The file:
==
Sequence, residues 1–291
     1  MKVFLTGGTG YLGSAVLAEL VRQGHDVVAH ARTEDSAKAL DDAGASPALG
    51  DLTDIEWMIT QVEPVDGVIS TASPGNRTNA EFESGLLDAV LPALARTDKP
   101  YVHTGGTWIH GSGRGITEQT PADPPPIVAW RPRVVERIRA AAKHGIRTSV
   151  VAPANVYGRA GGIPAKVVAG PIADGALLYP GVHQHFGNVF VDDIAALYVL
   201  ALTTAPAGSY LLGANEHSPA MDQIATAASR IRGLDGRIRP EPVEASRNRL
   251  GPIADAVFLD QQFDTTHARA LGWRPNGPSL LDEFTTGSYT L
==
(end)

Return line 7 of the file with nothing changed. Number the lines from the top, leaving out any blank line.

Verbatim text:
   251  GPIADAVFLD QQFDTTHARA LGWRPNGPSL LDEFTTGSYT L